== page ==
Burroughs Adding Machine

Social justice, arts and politics, life in New York City

Prestigious TED Prize Goes to Graffiti Artist

"Women Are Heroes in Kibera Slum," J R's sprawling installation in Nairobi, Kenya, in early 2009.

$100,000 to a street artist?

The celebrated TED Prize, previously awarded to humanitarians like Bill Clinton and Bono, was awarded to Parisian artist J R, who paints elaborate, king-sized murals of local people in the world’s poorest slums. Like many street artists, J R remains anonymous because of the illegal nature of his work.

According to the New York Times, the award is prized just as much for the publicity it raises as the cash:

For most recipients, the value of the six-year-old award has less to do with the money than with the opportunity it grants the winner to make a “wish”: to devote the funds to a humanitarian project that will almost inevitably draw donations and other help from the organization’s corporate partners and influential supporters. The chef Jamie Oliver, the 2010 prize winner, recently proposed setting up an international effort to further his campaign against obesity; Mr. Clinton’s wish has channeled significant resources toward the creation of a rural health system in Rwanda.

"Portrait of a generation," Paris, 2006.

Banksy and Shepard Fairey are household names, with commercial work and museum retrospectives. Now, J R joins Bill Clinton in an award for humanitarian work.

Is mainstream acceptance toward street artists changing, or are the artists themselves forcing change?

Filed under: africa, art, politics, racism, social justice, world, , , , , , , , , , ,

Art or Photojournalism?

President Obama, pre- and post-Photoshop

When is it justifiable to modify a real-life image?

The Economist photoshopped its most recent cover of President Obama, emphasizing his formidable challenge with BP and the Deepwater Horizon disaster. In the original photo, Obama is shown with Commander Thad Allen and the president of Lafourche Parish, Charlotte Randolph, as they briefed him on response efforts. In the Economist‘s cover, however, Obama is shown hunched, alone, seemingly deep in thought about the environmental disaster–to great visual effect.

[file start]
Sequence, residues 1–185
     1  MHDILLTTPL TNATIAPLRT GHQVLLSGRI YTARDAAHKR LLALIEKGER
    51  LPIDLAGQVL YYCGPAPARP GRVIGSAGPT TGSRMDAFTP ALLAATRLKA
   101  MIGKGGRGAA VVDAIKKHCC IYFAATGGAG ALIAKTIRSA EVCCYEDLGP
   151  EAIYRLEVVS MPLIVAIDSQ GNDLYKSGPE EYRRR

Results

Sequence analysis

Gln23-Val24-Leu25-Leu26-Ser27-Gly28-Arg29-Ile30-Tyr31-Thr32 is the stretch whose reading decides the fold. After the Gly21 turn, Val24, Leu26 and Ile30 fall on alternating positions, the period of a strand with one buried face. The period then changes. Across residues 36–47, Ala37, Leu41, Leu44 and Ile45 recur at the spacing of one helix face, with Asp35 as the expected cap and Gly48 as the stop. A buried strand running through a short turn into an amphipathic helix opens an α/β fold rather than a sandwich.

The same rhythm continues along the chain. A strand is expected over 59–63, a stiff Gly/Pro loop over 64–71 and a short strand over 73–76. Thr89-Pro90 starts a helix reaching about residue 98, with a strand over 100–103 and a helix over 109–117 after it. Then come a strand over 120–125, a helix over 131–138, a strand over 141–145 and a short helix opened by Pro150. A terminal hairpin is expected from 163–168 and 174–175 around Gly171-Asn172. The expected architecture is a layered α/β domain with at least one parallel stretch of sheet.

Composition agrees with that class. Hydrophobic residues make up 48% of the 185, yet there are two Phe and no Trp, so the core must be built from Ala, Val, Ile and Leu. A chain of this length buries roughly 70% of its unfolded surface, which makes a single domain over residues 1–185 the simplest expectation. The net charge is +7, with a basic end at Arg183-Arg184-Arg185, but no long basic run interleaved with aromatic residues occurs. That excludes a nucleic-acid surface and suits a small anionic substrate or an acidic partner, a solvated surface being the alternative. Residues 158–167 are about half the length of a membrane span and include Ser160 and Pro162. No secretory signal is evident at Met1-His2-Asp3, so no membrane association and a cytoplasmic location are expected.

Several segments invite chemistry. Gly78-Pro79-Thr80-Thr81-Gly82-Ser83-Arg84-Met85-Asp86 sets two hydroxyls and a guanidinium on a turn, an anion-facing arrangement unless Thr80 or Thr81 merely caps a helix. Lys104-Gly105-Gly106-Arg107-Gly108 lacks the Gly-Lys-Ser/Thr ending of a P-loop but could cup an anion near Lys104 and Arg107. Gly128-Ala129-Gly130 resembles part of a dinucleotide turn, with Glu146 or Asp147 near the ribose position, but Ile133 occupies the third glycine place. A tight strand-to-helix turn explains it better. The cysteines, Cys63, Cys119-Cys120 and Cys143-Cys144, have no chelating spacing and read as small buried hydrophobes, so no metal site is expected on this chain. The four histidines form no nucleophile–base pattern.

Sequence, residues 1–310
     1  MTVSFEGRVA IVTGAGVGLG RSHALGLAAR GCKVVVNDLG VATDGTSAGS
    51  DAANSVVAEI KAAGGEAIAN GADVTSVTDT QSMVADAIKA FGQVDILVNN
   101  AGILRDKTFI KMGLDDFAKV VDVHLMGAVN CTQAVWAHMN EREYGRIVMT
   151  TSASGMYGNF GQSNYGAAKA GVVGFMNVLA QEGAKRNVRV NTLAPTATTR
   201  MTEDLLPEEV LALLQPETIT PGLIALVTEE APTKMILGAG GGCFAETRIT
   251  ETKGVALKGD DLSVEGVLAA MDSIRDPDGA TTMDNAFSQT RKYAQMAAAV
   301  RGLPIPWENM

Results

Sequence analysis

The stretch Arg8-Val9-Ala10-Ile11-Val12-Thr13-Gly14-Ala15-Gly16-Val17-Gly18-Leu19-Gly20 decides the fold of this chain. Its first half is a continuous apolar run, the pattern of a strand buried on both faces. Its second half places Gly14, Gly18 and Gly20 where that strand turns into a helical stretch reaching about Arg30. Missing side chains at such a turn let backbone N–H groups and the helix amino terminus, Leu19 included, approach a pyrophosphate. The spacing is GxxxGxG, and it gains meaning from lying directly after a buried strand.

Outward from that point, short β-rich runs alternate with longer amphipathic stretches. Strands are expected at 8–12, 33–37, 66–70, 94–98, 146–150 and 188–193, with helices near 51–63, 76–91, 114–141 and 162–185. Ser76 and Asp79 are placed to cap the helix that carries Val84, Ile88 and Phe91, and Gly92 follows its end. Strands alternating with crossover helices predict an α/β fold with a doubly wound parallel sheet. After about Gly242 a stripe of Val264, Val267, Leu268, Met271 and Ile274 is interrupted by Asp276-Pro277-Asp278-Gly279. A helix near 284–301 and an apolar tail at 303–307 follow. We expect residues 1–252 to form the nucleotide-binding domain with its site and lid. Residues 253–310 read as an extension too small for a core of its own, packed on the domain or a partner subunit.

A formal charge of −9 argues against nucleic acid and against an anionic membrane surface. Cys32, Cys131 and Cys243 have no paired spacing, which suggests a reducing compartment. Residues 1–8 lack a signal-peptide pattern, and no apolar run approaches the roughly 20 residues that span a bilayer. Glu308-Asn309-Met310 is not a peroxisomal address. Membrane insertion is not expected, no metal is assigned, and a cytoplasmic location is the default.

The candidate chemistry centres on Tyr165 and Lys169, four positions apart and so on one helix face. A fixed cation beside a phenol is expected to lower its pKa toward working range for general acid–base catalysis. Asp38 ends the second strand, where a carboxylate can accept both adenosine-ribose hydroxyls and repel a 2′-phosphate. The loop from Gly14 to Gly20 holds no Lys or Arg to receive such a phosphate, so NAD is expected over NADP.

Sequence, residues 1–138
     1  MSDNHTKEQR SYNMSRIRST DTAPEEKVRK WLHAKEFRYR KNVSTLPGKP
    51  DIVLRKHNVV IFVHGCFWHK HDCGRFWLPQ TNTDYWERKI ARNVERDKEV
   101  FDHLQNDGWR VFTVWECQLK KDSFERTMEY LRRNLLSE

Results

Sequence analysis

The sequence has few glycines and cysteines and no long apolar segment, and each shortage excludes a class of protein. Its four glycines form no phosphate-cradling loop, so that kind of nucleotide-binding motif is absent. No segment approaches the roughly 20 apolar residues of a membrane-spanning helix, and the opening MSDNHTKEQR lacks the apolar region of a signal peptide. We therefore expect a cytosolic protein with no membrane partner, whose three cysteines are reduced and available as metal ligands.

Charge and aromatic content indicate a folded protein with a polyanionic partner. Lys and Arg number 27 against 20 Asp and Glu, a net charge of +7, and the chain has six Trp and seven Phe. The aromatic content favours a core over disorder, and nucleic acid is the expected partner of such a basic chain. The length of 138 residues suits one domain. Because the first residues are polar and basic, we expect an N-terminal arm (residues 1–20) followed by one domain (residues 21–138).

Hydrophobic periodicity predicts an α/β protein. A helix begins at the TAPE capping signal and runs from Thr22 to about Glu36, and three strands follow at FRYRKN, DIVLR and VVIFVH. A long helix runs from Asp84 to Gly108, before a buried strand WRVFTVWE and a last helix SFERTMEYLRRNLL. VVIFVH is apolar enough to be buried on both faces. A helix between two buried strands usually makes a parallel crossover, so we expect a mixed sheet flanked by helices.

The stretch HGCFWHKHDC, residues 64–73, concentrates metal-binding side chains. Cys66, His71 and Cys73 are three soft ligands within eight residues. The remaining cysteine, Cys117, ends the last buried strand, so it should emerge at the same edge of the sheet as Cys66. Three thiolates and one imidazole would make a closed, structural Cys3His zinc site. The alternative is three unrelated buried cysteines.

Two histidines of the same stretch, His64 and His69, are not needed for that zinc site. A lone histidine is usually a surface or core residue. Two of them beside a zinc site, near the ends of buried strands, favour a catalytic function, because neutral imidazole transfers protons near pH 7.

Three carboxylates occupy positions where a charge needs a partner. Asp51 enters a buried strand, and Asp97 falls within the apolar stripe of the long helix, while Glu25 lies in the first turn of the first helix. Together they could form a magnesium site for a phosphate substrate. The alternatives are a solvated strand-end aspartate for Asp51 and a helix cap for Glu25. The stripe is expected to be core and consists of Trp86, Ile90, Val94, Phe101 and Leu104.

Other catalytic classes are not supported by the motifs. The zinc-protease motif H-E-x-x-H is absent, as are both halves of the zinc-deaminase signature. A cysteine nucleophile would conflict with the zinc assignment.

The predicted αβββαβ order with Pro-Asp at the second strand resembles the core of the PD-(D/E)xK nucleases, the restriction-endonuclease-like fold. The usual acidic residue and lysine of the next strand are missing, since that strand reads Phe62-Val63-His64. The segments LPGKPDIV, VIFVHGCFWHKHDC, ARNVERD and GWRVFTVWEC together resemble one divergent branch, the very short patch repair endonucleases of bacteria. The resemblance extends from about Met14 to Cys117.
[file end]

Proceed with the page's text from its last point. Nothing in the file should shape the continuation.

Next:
Issues of copyright infringement aside (we have to assume the Economist editors ok’d the change with Reuters, the copyright owner–unlike Shepard Fairey, whose iconic reproduction of an AP-owned Obama image led to a well-publicized court case), the cover is most definitely more compelling without the pesky bureaucrats in conversation with the President.

Emma Duncan, deputy editor of the magazine, provides this clarification:

Yes, Charlotte Randolph was edited out of the image (Admiral Allen was removed by the crop). We removed her not to make a political point, but because the presence of an unknown woman would have been puzzling to readers…I asked for Ms. Randolph to be removed because I wanted readers to focus on Mr. Obama, not because I wanted to make him look isolated. That wasn’t the point of the story. “The damage beyond the spill” referred to on the cover, and examined in the cover leader, was the damage not to Mr. Obama, but to business in America.

I agree that it’s the right of the magazine staff to crop or modify graphics for the visual impact, the sake of the story. Somehow, though, the fact that this image is so close to the actual photograph seems disingenuous.

If you saw this cover on the newsstand, would you assume it was a mocked-up design or a photograph?